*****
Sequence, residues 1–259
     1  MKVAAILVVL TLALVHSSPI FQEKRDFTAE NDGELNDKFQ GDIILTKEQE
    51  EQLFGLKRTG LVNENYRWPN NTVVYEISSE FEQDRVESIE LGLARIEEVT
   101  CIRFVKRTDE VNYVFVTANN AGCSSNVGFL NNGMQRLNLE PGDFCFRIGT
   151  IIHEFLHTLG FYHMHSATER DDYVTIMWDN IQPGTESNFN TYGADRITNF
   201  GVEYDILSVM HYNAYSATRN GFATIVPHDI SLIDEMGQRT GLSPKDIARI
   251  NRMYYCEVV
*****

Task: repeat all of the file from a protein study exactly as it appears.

Sequence, residues 1–259
     1  MKVAAILVVL TLALVHSSPI FQEKRDFTAE NDGELNDKFQ GDIILTKEQE
    51  EQLFGLKRTG LVNENYRWPN NTVVYEISSE FEQDRVESIE LGLARIEEVT
   101  CIRFVKRTDE VNYVFVTANN AGCSSNVGFL NNGMQRLNLE PGDFCFRIGT
   151  IIHEFLHTLG FYHMHSATER DDYVTIMWDN IQPGTESNFN TYGADRITNF
   201  GVEYDILSVM HYNAYSATRN GFATIVPHDI SLIDEMGQRT GLSPKDIARI
   251  NRMYYCEVV